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FAQ: The South Fork Initiative

If the Henry's Fork Foundation (HFF) is doing work on the South Fork, doesn’t that take away from the Henry’s Fork?

This is absolutely a logical assumption and concern than many have shared with us. If you think about HFF’s available time and resources as a pie, starting work on the South Fork must take a piece out of that pie, right? In this case, the South Fork Initiative (SFI) program was launched and is funded entirely by South Fork-only donors and grant sources, ensuring that all Henry’s Fork funds and effort stayed (and even grew) on the Henry’s Fork.

Here’s the short version:

  • NO funding or resources were taken away from the Henry’s Fork for the South Fork Initiative (separate South Fork-only donors).

  • Since the start of the SFI in 2018, more resources ($) and capacity have been directed towards the Henry’s Fork than EVER before (12 new and 35 total HF projects happening now).

  • The SFI has brought in new funds and relationships for the Henry’s Fork.

  • Water management decisions are made on a regional scale, and Palisades Reservoir is the center of the Upper Snake storage system.

  • Having a stake in the South Fork opens up the opportunity to be a part of larger-scale water discussions.

  • Keeping the South Fork healthy helps to avoid added fishing pressure on the Henry’s Fork.

How does that work?

When South Fork outfitters and citizens asked the Henry’s Fork Foundation to help on the South Fork in 2018, they raised all of the funds to do the work. No funding or resources are taken away from the Henry’s Fork. Instead, South Fork-specific donors and grants funded the work. In fact, that program has opened up new grant and funding sources that were previously unavailable to the Henry’s Fork, and are now benefiting the fishery there. Since the start of the South Fork Initiative in 2018, more resources, funds, and capacity have been dedicated to the Henry’s Fork than ever before. There are 12 new Henry’s Fork projects (since 2018) and over 35 total projects happening on the Henry’s Fork, currently. Simply in terms of funds and amount of work, the South Fork Initiative has been a net positive for the Henry’s Fork.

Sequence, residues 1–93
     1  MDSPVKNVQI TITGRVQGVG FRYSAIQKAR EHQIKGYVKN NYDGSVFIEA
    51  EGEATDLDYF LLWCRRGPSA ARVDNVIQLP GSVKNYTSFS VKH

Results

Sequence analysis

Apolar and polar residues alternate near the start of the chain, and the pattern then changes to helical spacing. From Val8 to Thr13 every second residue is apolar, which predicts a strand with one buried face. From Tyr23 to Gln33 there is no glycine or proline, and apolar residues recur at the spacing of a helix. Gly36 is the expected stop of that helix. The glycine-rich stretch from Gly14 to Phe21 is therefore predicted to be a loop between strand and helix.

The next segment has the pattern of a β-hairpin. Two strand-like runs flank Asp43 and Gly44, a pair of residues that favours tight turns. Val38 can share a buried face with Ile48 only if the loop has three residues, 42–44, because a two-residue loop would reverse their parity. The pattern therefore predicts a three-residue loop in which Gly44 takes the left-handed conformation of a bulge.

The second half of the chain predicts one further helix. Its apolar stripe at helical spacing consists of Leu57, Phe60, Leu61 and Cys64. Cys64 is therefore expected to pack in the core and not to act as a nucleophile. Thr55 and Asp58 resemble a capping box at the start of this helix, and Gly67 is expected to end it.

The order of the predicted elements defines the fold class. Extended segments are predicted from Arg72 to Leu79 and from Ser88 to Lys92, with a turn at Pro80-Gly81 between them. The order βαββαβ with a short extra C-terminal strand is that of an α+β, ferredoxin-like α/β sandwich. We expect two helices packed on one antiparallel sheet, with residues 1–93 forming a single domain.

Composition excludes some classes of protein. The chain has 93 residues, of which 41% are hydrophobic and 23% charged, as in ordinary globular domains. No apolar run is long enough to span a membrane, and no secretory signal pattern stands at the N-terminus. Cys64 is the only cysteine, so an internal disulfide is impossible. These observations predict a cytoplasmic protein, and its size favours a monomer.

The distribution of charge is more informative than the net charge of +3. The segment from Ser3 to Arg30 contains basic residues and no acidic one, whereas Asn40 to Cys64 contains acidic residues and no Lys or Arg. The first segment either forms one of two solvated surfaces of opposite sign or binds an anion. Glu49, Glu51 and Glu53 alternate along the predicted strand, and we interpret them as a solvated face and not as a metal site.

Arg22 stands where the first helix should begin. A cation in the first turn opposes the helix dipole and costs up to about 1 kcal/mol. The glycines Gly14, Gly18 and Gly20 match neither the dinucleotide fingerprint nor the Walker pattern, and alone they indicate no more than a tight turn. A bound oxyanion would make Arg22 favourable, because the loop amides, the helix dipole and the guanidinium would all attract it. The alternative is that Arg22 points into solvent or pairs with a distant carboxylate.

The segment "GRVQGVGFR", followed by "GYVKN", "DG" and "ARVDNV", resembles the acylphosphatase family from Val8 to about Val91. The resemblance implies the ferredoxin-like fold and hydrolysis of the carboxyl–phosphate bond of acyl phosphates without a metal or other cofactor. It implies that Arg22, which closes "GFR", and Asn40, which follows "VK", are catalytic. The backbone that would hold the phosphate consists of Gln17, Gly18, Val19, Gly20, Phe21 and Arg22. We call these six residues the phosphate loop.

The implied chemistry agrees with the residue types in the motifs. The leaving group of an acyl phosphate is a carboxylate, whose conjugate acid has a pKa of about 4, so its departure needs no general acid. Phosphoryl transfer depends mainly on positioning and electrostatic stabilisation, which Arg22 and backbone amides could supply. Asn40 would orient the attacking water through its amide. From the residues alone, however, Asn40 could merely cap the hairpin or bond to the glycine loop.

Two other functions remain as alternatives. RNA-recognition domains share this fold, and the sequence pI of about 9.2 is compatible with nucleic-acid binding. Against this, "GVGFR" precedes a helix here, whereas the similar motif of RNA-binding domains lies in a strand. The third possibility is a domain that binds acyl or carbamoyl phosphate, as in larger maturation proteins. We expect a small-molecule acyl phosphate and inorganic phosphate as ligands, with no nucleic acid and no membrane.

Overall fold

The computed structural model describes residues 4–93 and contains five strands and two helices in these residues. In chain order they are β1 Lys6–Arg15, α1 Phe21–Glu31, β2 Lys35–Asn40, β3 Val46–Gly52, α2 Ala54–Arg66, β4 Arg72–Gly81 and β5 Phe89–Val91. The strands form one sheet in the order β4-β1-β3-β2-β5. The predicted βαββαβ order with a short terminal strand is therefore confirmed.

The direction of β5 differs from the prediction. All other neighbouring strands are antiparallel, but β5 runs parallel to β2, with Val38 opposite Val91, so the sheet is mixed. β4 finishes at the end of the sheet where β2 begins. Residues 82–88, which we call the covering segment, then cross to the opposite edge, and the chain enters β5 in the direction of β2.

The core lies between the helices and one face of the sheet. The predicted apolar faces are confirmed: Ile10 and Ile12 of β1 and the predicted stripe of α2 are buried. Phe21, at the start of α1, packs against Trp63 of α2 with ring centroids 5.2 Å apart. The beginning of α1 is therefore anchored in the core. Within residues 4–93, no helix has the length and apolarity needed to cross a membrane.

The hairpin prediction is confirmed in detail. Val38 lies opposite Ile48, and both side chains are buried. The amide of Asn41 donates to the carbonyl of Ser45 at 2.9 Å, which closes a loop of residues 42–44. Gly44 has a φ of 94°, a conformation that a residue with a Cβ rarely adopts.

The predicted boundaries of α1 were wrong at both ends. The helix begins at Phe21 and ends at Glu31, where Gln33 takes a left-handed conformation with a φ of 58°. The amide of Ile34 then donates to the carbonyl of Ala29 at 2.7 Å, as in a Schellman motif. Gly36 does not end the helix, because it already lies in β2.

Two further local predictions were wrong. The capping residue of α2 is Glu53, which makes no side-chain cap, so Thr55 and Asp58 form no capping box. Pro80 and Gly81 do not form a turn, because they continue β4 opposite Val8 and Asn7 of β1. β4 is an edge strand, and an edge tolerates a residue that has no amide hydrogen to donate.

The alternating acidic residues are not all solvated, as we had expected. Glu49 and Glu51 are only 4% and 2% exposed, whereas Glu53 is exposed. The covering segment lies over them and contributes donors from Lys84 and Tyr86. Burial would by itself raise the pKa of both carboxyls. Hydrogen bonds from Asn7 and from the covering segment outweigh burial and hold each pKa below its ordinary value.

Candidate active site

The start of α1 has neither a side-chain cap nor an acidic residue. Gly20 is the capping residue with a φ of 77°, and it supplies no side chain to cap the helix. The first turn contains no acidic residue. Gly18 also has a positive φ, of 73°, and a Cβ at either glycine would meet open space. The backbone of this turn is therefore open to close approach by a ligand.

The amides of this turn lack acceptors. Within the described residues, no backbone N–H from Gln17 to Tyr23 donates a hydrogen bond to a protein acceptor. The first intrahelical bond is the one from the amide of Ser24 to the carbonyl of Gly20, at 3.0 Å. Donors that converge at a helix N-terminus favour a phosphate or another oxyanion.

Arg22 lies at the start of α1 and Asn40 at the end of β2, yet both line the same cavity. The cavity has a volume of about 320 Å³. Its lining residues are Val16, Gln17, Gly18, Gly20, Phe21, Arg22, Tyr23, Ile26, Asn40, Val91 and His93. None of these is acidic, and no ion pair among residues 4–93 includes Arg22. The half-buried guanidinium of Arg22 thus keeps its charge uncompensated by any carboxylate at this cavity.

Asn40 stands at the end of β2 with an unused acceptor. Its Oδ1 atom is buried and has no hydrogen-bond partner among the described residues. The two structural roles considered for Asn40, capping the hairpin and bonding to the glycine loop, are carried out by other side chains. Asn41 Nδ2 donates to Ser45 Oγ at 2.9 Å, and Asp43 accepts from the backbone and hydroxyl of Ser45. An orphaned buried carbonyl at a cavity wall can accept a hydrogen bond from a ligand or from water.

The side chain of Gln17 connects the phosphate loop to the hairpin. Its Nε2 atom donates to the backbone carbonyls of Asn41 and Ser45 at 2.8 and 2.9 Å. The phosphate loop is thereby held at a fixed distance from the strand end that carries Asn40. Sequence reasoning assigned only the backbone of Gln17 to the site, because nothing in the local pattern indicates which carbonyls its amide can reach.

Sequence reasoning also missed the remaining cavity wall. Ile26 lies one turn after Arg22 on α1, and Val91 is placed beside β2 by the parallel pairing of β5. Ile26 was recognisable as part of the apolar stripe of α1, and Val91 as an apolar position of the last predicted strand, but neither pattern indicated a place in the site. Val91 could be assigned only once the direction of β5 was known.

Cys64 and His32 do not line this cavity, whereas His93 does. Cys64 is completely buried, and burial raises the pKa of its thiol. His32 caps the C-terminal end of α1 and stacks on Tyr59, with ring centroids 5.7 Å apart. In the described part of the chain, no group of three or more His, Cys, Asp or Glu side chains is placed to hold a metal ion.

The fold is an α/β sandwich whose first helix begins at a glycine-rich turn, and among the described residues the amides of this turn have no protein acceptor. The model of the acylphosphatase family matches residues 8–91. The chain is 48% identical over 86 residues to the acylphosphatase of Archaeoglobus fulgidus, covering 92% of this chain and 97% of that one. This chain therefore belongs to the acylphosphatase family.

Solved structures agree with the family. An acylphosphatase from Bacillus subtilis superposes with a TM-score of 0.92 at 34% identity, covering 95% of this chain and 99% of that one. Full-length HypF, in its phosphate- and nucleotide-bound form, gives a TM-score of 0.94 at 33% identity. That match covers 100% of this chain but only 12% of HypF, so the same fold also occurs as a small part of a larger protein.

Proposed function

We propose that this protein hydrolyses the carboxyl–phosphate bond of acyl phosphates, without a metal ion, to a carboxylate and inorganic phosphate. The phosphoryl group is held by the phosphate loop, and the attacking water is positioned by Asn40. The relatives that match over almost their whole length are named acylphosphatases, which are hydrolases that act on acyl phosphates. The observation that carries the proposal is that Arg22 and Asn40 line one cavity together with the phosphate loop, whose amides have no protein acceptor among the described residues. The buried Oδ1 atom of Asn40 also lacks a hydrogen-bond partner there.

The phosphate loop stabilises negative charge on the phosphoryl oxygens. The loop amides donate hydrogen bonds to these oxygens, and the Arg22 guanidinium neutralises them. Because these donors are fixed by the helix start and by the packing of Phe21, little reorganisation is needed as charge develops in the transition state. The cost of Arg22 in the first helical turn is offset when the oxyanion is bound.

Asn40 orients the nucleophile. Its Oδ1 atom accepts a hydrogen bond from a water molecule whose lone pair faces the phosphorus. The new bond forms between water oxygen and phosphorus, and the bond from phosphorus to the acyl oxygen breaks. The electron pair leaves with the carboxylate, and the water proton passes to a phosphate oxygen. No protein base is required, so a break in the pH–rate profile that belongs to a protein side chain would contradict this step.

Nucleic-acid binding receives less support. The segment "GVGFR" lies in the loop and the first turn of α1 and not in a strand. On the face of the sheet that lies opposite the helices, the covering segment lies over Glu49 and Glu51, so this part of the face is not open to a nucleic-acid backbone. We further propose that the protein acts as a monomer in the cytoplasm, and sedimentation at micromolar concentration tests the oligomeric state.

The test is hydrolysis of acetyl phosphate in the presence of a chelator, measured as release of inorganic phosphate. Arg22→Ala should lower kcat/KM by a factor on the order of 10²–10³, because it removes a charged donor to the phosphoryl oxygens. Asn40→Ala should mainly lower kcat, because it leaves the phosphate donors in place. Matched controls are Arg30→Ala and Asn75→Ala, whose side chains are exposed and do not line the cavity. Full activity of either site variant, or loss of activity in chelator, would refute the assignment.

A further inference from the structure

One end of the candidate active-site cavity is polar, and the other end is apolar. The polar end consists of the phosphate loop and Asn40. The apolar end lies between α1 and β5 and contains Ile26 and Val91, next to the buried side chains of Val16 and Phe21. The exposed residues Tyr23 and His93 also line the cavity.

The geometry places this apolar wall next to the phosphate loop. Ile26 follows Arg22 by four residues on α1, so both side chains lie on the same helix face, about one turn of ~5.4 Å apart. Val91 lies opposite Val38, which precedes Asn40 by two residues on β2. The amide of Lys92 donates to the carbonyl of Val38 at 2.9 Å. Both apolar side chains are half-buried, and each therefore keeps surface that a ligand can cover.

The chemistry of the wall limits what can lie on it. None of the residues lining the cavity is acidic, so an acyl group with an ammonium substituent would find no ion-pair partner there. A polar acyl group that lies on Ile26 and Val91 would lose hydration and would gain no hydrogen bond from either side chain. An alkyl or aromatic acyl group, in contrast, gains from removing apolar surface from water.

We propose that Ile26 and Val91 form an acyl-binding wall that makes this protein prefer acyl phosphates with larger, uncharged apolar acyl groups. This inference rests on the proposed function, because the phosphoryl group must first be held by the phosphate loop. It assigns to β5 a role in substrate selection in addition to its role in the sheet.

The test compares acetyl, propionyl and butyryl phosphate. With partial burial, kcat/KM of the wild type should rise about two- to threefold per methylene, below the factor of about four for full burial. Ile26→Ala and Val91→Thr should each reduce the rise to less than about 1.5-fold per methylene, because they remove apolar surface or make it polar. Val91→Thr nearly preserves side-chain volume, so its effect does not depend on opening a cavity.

In terms of impact for the Henry’s Fork, the South Fork Initiative has also brought new relationships and increased influence in the water management world for the Henry’s Fork. Water management decisions are made on a regional scale, and Palisades Reservoir is the center of our water storage system. In fact, the Henry’s Fork and Island Park Reservoir appear quite small in comparison. But, being a part of larger-scale water discussions and having even some level of involvement on the South Fork, give us greater reach and influence to advocate for the Henry’s Fork.

Essentially, rather than the South Fork taking away a piece of the Henry’s Fork pie, it has simply made the Henry’s Fork pie bigger. HFF puts a great deal of time and careful consideration into any and every project or program, and a program’s benefit to the Henry’s Fork is prioritized above all else.

So what are you doing about the tough conditions on the Ranch last year?

As anglers know, 2022 produced very tough conditions on the Ranch, from turbidity (from sediment) to trout and insect populations. Many of HFF’s most crucial programs ongoing right now focus on the crux of the Ranch and upper Henry’s Fork fishery via Island Park Reservoir and its effects downstream. Some of these include, Precision Water Management Program (keeping water in Island Park Reservoir which increases trout populations and improves water quality), Farms & Fish Program (water conservation), spring freshets (clear sediment from the Ranch), and a new Harriman Ranch water temperature monitoring project.

We know the effects of drought have had a negative impact on the fishing experience in the Ranch. We have programs in place that not only help us better understand these natural systems, but improve conditions locally. Our work has increased the number of trout below Island Park Dam by 20% over and above what it would have been otherwise, and insect habitat has improved dramatically since the 1992 sediment event. We are also working on a plan to look at more potential actions to reduce the amount of sediment that comes out of Island Park Reservoir from the west end. More information on each of these can be found in the links throughout this text, but if you have specific questions, please contact us.

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